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Published: 2002/04/22
by Jesse Jarnow

self-titled – Plexus

Mother West 0057-2

"Look, bub, music doesn't progress, it's not a fucking technology," Mike
Doughty wrote in "I Like It Warm and Fuzzy". "New sounds can be found – very, very rarely – but not new emotions." Well, maybe. That's a tough one
to counter, if only because it's so bloody impossible to qualify emotions,
to map them out and describe them. It's a hard argument to make. Doughty has
a good point, though. His band, Soul Coughing, used technology in an
interesting way to produce their sound — jungle beats, samples, etc.. They
were the epitome of technological music in the sense that they used all the
tools available to them. On top of it, though, rode Doughty's plaintive
songs which were, in their way, quite traditional. No, Soul Coughing didn't
invent or access any new emotion, per se, but they did create new ways to
access old emotions. That was what made them compelling, somehow, and that
is a show of progression.

Plexus is an advanced band. There has always been music that revolved around
new music-making technologies, from Jimi Hendrix to Kraftwerk to Aphex Twin.
In recent years, there have been repeated attempts to imitate electronic
devices on acoustic instruments. And, by acoustic instrument, I mean any
instrument where there is a direct correlation between the movement of the
body (rhythm, position of the hand, etc.) and the sound produced. Plexus do
this. These are the basics: they are a trio – guitar, bass, drums (all of
them program, as well) – and their sound is a harder edged, purer techno
than any of the other bands that've come along (The New Deal, The Disco
Biscuits, Sector 9, etc.). It's dance music, yes, but there's also complex
stuff to listen to.

It is definitely nighttime music, city lights blurring by, or highway lines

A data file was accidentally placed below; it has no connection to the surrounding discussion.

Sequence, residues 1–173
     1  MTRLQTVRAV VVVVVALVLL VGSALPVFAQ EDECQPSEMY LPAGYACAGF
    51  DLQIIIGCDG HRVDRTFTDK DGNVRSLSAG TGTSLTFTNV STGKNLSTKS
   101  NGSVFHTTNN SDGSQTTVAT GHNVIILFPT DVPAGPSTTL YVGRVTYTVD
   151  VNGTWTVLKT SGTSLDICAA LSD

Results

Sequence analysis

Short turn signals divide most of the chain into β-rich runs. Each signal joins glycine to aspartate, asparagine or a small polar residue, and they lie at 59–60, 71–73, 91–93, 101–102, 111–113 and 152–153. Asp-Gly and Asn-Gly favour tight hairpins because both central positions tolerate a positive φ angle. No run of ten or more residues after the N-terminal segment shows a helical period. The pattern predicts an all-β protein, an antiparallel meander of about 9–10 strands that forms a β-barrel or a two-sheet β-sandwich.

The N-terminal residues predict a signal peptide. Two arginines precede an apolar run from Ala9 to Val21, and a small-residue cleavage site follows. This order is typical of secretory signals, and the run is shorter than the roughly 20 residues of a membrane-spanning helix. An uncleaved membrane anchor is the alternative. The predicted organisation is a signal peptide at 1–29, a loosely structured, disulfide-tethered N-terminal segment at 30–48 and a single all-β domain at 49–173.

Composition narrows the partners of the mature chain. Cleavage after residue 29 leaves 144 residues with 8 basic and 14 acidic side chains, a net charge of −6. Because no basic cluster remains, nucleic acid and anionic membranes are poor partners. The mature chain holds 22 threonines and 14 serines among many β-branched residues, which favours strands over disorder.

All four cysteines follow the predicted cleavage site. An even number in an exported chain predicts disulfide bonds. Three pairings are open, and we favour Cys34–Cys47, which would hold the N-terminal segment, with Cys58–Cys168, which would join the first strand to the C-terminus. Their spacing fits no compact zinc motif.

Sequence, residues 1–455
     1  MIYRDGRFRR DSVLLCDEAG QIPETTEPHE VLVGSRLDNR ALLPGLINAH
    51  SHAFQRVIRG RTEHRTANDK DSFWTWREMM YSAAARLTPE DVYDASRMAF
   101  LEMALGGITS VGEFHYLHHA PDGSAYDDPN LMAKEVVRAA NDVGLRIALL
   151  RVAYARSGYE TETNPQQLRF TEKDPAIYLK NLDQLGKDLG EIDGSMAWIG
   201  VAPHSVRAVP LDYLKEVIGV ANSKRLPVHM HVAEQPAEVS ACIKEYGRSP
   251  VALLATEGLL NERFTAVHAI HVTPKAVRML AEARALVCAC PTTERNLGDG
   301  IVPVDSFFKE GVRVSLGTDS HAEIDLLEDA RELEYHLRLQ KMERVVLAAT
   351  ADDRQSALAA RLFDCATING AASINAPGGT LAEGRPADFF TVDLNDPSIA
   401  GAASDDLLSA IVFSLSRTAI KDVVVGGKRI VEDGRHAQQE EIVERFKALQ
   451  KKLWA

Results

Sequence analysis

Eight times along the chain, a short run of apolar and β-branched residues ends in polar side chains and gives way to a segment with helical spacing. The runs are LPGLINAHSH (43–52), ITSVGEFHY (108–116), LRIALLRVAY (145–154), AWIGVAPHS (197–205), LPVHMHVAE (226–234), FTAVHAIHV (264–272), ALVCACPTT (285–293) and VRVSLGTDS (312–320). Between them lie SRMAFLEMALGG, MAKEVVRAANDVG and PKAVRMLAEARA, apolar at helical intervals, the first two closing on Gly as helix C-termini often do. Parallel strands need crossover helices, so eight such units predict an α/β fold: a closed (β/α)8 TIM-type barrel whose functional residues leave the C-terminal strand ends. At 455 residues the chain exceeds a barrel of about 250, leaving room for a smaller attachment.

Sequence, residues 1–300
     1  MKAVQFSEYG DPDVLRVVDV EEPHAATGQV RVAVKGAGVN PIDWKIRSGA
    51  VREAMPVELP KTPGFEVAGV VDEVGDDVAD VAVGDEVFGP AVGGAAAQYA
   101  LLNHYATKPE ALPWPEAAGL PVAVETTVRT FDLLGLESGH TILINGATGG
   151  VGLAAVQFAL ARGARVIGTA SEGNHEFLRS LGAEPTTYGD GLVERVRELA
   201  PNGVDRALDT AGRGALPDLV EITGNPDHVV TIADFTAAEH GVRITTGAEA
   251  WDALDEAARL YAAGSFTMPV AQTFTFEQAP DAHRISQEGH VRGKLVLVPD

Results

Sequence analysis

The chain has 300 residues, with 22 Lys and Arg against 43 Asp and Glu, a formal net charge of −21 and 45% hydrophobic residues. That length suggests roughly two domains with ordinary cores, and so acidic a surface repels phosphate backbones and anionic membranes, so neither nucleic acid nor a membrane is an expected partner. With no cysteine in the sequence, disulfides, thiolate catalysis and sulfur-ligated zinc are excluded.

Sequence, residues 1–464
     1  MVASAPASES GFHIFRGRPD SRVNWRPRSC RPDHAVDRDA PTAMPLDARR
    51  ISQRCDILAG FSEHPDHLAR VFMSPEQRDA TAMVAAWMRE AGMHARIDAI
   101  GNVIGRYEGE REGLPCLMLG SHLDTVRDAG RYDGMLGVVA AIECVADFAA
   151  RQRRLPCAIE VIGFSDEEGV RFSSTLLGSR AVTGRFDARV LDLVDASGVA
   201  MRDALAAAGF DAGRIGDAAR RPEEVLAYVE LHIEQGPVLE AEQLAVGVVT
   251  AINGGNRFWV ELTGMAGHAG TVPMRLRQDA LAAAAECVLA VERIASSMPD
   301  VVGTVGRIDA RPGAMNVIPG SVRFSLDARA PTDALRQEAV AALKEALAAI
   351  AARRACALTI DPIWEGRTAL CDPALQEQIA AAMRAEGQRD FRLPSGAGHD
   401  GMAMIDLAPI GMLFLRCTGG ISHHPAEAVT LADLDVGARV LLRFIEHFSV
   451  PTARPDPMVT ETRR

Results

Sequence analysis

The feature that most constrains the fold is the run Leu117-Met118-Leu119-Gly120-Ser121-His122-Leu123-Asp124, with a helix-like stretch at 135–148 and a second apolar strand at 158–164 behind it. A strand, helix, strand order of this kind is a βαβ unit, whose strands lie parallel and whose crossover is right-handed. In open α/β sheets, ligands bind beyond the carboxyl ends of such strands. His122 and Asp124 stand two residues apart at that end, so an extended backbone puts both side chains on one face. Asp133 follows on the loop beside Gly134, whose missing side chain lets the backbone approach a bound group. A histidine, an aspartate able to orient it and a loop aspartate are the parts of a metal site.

disappearing under the car. It's even futuristic, which is such a damn weird
word to apply to music, and maybe it shows my age. It sounds like the music
of the future, like the music of bubble cities and the like. Of course,
that's definitely not a universal. In twenty years, this won't sound
futuristic. More curiously, this might not even sound futuristic now to some
folks. This might sound perfectly contemporary. What part of their sound is
it that gives it these qualities?

It's not too hard to imagine Tobias Ralph playing these drumbeats. It's
impressive, yes, but they were parts that were well within the reach of any
decent drummer since the trap kit was invented. They are rigid, fast, and
mechanical, as well — technically impressive for a live drummer (which is
part of the reason why all emulations of electronica have the tendency to
sound a bit gimmicky from time to time). The rest of the parts, especially
Ernie Adventoivich's basslines, are exceedingly simple. So, one the
futuristic qualities, then, lies in the relationship between the parts:
humanly disconnected, but also so mathematically aligned that it sounds as
if they were computer generated.

Abstract sounds that couldn't've been generated by acoustic instruments have
formed the bedrock of much music since the introduction of the synthesizer.
Certainly, most '80s music didn't sound futuristic, even at the time. This
does. It imitates not only non-acoustic sounds, but sounds with hard edges
that almost give off the illusion of having been discarded or accidentally
created by technology itself. They are scraps, at least in the sense that
they are designed not to sound deliberate but, rather, stamped out of
something pre-existing.

Plexus creates a very old emotion, indeed: the yearning for the future;
looking out past personal frailties, to an abstract paradise no different
than any other Edenic utopia. In that sense, it is a fantasy album: it
assumes that the world has actually made it to that promised land of the
Space Age.

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